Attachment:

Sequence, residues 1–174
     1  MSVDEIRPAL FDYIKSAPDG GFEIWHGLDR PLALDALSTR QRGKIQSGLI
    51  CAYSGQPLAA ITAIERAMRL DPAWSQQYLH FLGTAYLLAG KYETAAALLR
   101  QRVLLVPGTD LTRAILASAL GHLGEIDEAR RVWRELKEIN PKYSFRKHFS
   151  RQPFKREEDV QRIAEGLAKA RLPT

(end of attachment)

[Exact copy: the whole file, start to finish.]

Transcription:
Sequence, residues 1–174
     1  MSVDEIRPAL FDYIKSAPDG GFEIWHGLDR PLALDALSTR QRGKIQSGLI
    51  CAYSGQPLAA ITAIERAMRL DPAWSQQYLH FLGTAYLLAG KYETAAALLR
   101  QRVLLVPGTD LTRAILASAL GHLGEIDEAR RVWRELKEIN PKYSFRKHFS
   151  RQPFKREEDV QRIAEGLAKA RLPT